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New CNN Poll Raises Concerns For Biden's 2024 Hopes; Mar-a-Lago Worker Strikes Deal In DOJ's Classified Docs Case; Judge Rules Powell & Chesebro Will Be Tried Together On Oct. 23; Prosecutors: Trial To Take 4 Months, Have About 150 Witnesses; American Explorer Trapped 3,000 Plus Deep In Turkish Cave; D.C. Police Searching For Homicide Suspect Who Escaped Hospital; Video Shows Inmate Crab Walk Up Prison Walls To Escape. Aired 9-9:30a ET

Aired September 07, 2023 - 09:00   ET




MARCEL SPEARS, HIS FIRST BABY WAS BORN ON BEYONCE'S BIRTHDAY: I want to make sure I'm doing everything right. I may or may not have sped past some red lights on accident.


POPPY HARLOW, CNN ANCHOR: I'm going to ask the dad at the table, said every dad always.

PHIL MATTINGLY, CNN ANCHOR: Well that -- I mean, I definitely identify with that energy. That was my energy like over for all four kids. And I'm like, I'm terrified. What am I supposed to do? I'm terrified, I'm terrified.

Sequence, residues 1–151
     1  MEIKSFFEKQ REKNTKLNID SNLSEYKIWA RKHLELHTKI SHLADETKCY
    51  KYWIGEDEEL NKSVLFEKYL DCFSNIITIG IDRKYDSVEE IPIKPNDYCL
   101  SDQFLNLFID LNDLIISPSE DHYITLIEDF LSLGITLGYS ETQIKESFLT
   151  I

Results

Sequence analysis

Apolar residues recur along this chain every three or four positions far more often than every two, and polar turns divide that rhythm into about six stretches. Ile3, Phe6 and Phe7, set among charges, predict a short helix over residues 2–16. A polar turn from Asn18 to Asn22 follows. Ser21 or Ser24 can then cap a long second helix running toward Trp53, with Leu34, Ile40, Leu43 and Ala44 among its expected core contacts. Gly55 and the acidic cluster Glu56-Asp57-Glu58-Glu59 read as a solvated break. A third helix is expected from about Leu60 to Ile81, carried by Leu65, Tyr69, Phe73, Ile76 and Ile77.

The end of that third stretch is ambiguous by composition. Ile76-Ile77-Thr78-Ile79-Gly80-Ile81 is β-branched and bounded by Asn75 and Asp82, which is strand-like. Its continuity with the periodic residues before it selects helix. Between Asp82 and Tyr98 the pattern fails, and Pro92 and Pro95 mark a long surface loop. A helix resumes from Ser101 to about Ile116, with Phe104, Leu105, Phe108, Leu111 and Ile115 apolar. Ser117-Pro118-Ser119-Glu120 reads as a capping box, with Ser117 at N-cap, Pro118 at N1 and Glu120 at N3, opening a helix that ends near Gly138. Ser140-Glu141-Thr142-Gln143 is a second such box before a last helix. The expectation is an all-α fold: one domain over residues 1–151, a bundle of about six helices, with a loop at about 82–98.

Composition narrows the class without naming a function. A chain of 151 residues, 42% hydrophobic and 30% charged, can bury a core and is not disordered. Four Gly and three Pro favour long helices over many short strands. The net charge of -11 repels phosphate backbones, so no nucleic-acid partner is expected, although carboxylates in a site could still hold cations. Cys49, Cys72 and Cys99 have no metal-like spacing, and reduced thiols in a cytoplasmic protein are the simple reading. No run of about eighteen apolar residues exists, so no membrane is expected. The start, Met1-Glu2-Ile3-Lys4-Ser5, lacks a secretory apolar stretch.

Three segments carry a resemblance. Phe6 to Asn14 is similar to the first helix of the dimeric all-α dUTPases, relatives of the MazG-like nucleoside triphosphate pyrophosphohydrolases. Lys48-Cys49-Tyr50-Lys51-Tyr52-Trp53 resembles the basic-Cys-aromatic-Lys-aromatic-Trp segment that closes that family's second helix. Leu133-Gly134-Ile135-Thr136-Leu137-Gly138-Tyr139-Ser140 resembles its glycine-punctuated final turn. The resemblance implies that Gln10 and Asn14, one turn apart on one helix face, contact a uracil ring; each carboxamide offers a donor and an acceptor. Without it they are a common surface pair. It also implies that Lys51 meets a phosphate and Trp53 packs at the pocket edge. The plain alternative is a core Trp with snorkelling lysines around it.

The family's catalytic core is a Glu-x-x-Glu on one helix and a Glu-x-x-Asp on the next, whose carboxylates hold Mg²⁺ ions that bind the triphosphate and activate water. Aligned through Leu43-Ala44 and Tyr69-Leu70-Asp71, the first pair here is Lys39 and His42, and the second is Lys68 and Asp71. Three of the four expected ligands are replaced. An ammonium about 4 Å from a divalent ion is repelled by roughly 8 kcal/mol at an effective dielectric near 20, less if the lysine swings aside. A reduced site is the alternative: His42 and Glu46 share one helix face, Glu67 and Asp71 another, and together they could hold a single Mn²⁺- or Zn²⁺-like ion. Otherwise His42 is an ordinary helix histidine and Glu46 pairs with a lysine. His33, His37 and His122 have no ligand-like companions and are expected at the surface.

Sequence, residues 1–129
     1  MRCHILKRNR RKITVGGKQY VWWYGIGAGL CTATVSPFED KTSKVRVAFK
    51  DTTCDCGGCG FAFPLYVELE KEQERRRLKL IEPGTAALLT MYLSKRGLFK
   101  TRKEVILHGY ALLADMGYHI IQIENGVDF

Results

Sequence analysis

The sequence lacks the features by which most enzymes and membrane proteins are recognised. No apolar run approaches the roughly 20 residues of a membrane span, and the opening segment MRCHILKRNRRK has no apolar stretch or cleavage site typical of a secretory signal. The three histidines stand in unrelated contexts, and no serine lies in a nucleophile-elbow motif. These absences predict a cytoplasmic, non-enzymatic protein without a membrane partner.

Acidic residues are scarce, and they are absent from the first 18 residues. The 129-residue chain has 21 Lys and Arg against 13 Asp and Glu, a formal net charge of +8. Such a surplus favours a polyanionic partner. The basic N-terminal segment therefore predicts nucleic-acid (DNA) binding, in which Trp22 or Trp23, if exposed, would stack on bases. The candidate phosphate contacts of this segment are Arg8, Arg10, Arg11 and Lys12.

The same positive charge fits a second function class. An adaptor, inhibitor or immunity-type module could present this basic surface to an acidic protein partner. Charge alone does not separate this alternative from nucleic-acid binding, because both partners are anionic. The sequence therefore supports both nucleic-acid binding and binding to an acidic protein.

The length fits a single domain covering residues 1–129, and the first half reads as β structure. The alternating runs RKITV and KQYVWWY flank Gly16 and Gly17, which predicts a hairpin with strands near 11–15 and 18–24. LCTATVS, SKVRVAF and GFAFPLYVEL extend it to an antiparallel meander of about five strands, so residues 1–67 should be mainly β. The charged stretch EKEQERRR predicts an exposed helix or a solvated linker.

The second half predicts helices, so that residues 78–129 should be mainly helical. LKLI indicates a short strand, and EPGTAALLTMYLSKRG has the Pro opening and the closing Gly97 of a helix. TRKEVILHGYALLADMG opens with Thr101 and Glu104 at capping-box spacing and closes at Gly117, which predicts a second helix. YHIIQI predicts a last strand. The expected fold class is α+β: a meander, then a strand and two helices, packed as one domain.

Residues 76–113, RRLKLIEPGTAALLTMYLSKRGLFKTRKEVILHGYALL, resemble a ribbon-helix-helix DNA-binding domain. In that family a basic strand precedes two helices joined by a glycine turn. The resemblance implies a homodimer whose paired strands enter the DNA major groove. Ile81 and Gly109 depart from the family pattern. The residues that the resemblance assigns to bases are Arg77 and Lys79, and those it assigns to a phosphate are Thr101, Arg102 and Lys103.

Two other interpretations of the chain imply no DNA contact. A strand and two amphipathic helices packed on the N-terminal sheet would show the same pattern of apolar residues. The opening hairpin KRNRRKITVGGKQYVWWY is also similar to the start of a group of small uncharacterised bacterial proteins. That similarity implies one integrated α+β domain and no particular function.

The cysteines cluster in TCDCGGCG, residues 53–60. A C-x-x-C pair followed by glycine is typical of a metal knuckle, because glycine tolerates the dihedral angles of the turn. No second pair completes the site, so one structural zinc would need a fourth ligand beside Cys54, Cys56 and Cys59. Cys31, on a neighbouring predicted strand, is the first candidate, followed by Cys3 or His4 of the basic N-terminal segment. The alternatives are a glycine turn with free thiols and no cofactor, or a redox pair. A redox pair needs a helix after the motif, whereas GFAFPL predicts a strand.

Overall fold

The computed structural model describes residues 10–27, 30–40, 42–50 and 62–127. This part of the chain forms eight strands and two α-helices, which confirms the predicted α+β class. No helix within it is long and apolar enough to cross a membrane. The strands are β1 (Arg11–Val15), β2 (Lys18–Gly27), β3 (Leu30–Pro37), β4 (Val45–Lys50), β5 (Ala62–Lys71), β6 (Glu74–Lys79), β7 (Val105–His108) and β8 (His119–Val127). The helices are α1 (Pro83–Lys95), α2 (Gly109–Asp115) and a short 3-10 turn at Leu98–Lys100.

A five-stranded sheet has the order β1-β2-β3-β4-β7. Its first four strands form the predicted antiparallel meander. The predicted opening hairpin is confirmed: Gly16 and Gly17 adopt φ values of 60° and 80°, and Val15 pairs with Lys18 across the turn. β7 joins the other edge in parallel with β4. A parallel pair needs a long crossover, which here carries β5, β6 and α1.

HARLOW: 100 percent. So Sarah and Marcel decided to name their newborn Nola after Marcel's hometown of New Orleans. And that is one cute baby. And we're glad she didn't miss the rest of Beyonce.

MATTINGLY: I love that story.

HARLOW: Who wins.

MATTINGLY: Thanks for staying with us. CNN Central starts right now.

JOHN BERMAN, CNN ANCHOR: Brand new this morning, a CNN poll, that is a huge flashing warning sign for President Biden. Supports sagging among Democrats. Plus the one Republican who holds a clear lead over him, and it might not be who you think.